Nebelswall 1 - 33602 Bielefeld
0521 - 51 23 94

By Anne Bittner, Year 9

Some girls of 9a-c visited St Helen's School from 12th until 22nd October 2008. We all enjoyed the trip very much; our partners and host families were very nice and kind. (Even the teachers were okay!)

The school is a very large building, actually there are lots of buildings (a new library is being built at the moment). At the beginning we lost our way in lots of staircases, corridors, halls, rooms,... There are very modern computer rooms, a small theatre, a large sport complex, a chapel, an assembly hall and lots of other rooms, such as the Old School Hall where we met before excursions. We visited Oxford, Bath, Avebury and Portsmouth. That was sometimes nice and interesting and sometimes quite boring...

Well, the school. In the morning we went to the classrooms with our exchange partners. First the teachers always checked attendance. Then the whole class went to assembly silently. (Well, everyone was supposed to be silent but actually...)

At assembly there were short presentations and musical performances. Moreover they showed pictures and short films, for instance one about Columbus on the anniversary of the discovery of America. But on Tuesday there was a short religious service in the chapel with musical performances too (songs), prayers,...

Afterwards classes began. They nearly always had double lessons without breaks in between except after lessons 2 and 6. Lunch was after lesson 4 (There was a large cafeteria; the food was not very tasty but okay...). The pupils —and we— had school till 4.00 p.m. and after that they often had other activities like sports, orchestra, drama etc. Most of the pupils had a long way hone on the school bus, sometimes for more than an hour! So you got home at 5.00 p.m. at the earliest. And then you have to do lots of homework! It is always a very tiring day, I think, more tiring than here. (But you can sleep longer in the morning: School starts only at 9.00 a.m.)

Yes, some things are very different, not only the school uniform (a red or grey sweater, a blouse with red or green stripes and a grey skirt). Perhaps the rules are stricter but it is like here: Not everyone sticks to the rules... The lessons are sometimes as boring as here, quite normal, I think. But people are very kind (as I said) and they actually always say "sorry", "please" and "thank you" (You say "thank you" to the bus driver, too, when you leave the bus!)!!!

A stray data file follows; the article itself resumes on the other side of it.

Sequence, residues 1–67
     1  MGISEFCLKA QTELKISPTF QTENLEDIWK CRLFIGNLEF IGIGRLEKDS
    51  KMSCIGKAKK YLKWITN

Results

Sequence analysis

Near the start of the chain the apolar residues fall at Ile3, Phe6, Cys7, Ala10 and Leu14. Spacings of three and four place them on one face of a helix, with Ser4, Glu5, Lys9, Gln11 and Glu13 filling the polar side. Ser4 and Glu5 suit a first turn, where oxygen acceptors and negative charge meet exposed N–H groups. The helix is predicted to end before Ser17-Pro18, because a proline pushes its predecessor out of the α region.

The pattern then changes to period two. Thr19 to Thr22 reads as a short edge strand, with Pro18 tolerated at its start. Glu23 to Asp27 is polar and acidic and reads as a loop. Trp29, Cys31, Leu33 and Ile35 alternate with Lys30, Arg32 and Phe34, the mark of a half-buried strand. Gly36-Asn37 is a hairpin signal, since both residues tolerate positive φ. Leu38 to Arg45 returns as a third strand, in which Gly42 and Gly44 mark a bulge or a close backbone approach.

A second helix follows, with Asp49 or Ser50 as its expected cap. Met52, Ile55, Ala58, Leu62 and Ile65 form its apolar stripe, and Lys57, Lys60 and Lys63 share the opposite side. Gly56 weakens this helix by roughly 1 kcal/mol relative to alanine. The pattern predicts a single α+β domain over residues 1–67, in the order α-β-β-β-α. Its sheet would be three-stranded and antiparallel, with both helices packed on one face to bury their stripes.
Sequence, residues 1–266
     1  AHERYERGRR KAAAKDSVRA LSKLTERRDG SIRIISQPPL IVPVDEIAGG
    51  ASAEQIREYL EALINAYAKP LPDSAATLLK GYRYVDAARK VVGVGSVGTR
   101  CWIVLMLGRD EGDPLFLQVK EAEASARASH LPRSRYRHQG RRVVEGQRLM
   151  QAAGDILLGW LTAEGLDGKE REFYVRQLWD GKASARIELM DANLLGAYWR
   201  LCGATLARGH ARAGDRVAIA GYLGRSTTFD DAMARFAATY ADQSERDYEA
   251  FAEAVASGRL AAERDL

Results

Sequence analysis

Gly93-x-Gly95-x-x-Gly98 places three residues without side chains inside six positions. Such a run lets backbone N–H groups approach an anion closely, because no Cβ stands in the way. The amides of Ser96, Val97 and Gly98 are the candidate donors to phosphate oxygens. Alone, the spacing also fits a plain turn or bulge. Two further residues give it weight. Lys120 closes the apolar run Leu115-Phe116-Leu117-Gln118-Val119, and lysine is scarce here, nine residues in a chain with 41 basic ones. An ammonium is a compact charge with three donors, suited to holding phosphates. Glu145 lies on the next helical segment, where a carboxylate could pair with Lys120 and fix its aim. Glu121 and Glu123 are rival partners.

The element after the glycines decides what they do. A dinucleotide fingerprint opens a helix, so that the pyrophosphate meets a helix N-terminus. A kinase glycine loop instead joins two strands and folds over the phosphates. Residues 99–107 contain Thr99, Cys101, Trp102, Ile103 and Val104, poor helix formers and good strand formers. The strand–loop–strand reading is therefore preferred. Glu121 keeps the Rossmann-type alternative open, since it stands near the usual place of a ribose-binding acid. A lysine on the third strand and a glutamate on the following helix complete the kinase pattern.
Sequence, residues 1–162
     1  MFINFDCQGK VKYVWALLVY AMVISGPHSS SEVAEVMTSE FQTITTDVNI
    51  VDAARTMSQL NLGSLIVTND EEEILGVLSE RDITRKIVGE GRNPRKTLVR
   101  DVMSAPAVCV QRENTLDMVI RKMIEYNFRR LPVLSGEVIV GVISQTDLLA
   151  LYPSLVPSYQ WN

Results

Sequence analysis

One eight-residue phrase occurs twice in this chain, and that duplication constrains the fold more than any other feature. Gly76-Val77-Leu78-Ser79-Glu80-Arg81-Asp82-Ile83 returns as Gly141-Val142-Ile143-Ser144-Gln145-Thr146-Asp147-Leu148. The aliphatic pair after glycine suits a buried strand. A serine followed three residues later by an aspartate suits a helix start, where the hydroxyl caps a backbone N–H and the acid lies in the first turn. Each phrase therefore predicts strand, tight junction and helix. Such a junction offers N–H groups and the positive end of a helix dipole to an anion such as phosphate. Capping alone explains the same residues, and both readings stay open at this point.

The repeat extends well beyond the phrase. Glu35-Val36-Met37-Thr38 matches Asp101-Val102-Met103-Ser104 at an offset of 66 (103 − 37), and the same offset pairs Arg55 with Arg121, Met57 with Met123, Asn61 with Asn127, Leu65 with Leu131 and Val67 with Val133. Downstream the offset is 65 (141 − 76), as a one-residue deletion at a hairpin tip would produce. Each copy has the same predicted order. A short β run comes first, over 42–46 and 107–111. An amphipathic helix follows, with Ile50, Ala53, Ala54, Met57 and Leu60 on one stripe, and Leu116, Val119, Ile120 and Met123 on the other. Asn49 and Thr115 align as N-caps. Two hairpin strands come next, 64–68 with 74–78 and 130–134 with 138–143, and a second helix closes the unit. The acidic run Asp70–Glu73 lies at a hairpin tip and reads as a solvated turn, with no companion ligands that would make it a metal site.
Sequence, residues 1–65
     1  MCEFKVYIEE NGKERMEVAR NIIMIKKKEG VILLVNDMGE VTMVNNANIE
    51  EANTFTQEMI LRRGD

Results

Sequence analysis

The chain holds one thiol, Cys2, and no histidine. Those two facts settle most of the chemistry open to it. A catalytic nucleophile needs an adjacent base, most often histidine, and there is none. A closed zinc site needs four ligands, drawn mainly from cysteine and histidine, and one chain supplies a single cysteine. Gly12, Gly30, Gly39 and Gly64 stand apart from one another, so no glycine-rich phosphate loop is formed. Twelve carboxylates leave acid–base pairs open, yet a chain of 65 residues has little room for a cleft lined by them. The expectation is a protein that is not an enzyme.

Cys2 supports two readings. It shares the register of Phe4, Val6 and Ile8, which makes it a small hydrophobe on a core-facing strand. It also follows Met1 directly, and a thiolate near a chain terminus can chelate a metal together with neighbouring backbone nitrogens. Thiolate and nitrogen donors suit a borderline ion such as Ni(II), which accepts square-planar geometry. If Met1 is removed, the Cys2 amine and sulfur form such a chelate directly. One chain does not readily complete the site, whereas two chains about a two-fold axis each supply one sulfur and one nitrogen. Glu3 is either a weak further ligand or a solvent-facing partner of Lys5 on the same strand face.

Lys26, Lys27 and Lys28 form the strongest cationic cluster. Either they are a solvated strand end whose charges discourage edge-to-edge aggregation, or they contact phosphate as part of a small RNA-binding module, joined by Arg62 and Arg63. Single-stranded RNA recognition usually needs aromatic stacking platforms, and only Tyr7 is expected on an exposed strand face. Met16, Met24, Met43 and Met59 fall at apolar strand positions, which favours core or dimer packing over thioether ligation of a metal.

All in all, it was a great experience! I hope the English pupils will like Bielefeld as much as we enjoyed the ten days in Abingdon.

By Luka de Vos, Year 9

I wake up and it’s 7 o’clock. In Germany it would be 8 o’clock – great, I can stay in bed just a little bit longer! I’m lucky because it’s just 15 minutes to the School of St. Helen and St. Katharine from where I’m staying. For some girls it’s 1.5 hours from home to school every day!

My exchange partner and I get on the school bus at 8.15 and we already arrive at St. Helen’s at 8.30. Having arrived, all the girls have to go to their classrooms, where they have to wait for their teacher. This is called registration and means that the teacher checks if everybody is there. At 9 o’clock the girls either go to Assembly, to Chapel or they have a music lesson, for example a piano lesson. On Mondays there is Assembly: You go to the Assembly hall and listen to a teacher talking about something she wants you to think about. Chapel means that there’s a short service in the school chapel. The school reverend reads from the Bible, everybody sings a song and the school choir sings, too.

All this ends at 9.20 and everybody goes to their lessons. A lesson is 40 minutes and there are mostly double periods without a break in between. The first two lessons end at 10.40, then there is a break of twenty minutes. You can eat something you have brought from home or you can buy some cookies or muffins in the dining hall. The lessons continue at 11.00 till 12.20.

It’s lunchtime now. Some girls bring a packed lunch from home, but most of them eat something in the cafeteria. You can choose from at least three dishes, one of them being a vegetarian one. Moreover you can help yourself to other things like bread, potatoes, a dessert like a yoghurt, cake, fruit etc.

Some of the girls have some activities during lunchtime, for example sports like lacrosse or netball, or some conversation classes in German, French, Spanish etc.

Lessons start again at 1.20 and continue until 4 o’clock. After that you can do sports, have some music or drama activities…. or you just go home.

It was very interesting for me to see all these differences between the German and the English school system, the different traditions. But I experienced many more differences, not only at school, but in regard to family life and the country, too. I profited a lot from the exchange: My English got much better and I made some new friends, not only English ones.